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Super fast npm install on Github Actions

Installing npm dependencies with Github Actions is a breeze. But it’s a slow breeze.

As always, performance tweaking takes experimentation— but we got your back. We did the hard work, and have the numbers to prove it. With our 4-step approach, you can reduce a 16-second task to take only 2 seconds. 2 seconds! If the installation kicked off when you started reading this sentence, it’s done right about… now. As a bonus, you’re doing the world a favour: that’s a 87.5% reduction of energy use. 🌳 ❤️

The baseline

GitHub Actions make it easy to use external official actions like setup-node in a single line: - uses: actions/setup-node@v2. Followed by running npm install like the setup-node readme suggests, takes care of Node.js and installing all needed dependencies.

Use a manifestation of the manifest

The biggest win in speed and efficiency is achieved by installing dependencies from the package lock file: package-lock.json. Npm generates this file by default, and by using the command npm ci, only the lock file is used during install. Since it contains a resolved dependency tree, npm can skip a whole lot of steps.

Caching on GitHub

Secondly, caching dependencies saves download time otherwise needed for each package. All cached dependencies are fetched in one go from GitHub, using a cache action:

- name: Cache dependencies
  uses: actions/cache@v2
  with:
    path: ~/.npm
    key: npm-${{ hashFiles('package-lock.json') }}
    restore-keys: npm-

By using this cache npm copies dependencies from this cache instead of downloading them. If package-lock.json changes, the then outdated GitHub cache is still used as the base for a new GitHub cache, under a new key, because of the restore-keys option.

No side effects allowed

The final small win is ignoring installation scripts with the --ignore-scripts flag. This could break certain dependencies that use installation scripts.[1] Instead of crossing fingers and giving it a try you can list native dependencies that might need these scripts with the native-modules CLI.

The result: faster workflow

Putting these three together in an example workflow, gives:

name: Continuous integration

on: pull_request

jobs:
  lint:
    runs-on: ubuntu-latest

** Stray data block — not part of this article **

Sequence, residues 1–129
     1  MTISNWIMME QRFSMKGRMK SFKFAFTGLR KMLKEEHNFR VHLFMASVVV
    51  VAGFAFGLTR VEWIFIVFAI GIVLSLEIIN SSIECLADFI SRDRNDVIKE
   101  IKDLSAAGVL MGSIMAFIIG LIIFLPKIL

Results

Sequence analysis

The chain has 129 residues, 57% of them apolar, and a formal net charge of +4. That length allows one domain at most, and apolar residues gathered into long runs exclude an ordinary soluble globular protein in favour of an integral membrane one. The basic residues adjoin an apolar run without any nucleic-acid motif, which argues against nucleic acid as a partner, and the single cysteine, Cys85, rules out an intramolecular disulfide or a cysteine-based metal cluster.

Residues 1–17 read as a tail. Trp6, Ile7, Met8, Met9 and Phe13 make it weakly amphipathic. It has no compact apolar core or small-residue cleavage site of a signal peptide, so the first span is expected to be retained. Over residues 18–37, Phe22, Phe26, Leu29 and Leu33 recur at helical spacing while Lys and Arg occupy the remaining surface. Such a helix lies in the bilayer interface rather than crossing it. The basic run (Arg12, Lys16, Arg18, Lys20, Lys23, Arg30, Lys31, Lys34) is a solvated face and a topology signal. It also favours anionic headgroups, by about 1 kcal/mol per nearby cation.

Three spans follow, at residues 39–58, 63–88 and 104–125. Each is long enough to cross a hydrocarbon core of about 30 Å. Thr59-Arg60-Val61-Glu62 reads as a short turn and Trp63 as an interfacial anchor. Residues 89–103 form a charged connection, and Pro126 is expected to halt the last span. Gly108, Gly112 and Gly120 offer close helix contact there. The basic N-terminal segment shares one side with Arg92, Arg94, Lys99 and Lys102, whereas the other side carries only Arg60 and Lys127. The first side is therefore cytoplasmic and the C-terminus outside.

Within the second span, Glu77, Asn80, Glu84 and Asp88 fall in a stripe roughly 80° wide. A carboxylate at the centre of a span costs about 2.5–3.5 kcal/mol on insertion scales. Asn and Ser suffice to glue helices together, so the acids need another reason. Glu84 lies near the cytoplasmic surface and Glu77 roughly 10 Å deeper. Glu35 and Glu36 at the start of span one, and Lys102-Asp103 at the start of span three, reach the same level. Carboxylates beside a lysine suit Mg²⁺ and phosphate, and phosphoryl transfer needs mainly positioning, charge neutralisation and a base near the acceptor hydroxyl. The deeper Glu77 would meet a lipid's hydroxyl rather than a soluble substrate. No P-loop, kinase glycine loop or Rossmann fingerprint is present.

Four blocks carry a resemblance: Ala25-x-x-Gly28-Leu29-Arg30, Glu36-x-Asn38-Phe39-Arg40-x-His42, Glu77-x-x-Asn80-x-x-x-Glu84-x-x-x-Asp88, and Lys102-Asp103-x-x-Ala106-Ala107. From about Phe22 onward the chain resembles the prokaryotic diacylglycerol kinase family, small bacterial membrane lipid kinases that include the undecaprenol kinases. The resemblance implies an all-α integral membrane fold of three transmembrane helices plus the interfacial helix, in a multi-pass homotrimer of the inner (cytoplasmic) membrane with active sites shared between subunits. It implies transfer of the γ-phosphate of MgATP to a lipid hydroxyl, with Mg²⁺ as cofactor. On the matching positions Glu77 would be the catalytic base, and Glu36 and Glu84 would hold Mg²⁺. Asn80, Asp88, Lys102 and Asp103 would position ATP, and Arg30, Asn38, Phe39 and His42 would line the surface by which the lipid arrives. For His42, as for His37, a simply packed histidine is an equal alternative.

steps:
      - uses: actions/checkout@v2

      - name: Setup Node.js
        uses: actions/setup-node@v2
        with:
          node-version: '14'

      - name: Cache dependencies
        uses: actions/cache@v2
        with:
          path: ~/.npm
          key: npm-${{ hashFiles('package-lock.json') }}
          restore-keys: npm-

      - name: Install dependencies
        run: npm ci --ignore-scripts

      # run npm test, build, lint, etc.

An even faster alternative

Combining npm ci with caching of ~/.npm is recommended by GitHub and npm, however an interesting alternative is caching the node_modules directory. This is not suggested because it contains a potential footgun.

First off, combining a node_modules directory with npm ci is slow since the latter will first remove node_modules before installing dependencies. Secondly, when running multiple Node.js versions in your CI and/or when changing the Node version that runs on your CI, old native modules might break.

Given that no installation scripts are used, you can completely skip the installation step! To prevent restoring node_modules when the cache changed, the cache action is given no restore-keys. In other words: the cache is only used if there is an exact key match:

- name: Cache dependencies
  id: cache
  uses: actions/cache@v2
  with:
    path: ./node_modules
    key: modules-${{ hashFiles('package-lock.json') }}

- name: Install dependencies
  if: steps.cache.outputs.cache-hit != 'true'
  run: npm ci --ignore-scripts

Measure all the things

Step by step measuring the installation time, including restoring the cache, on a project with a thousand (indirect) dependencies gives the following:

Changing the cache was done by modifying package-lock.json, using the alternative method with an exact key shows the same timing as expected with no cache.

Our verdict

The first approach shows a better approach for a variety of cases, a fit-all solution if you will. The alternative is definitely a lot faster if the workflow is often ran without package lock changes. Keep in mind that GitHub does remove caches that have not been accessed within the last week. So choose wisely, depending on the project, the stage of development and the regularity of workflow runs. Happy Github Actioning!

Footnotes

[1] Installation scripts are only necessary for native packages that do not pre-bundle compiled code using the N-API. These scripts are often abused to log information about a package. It is also a convenient place to spread malware.

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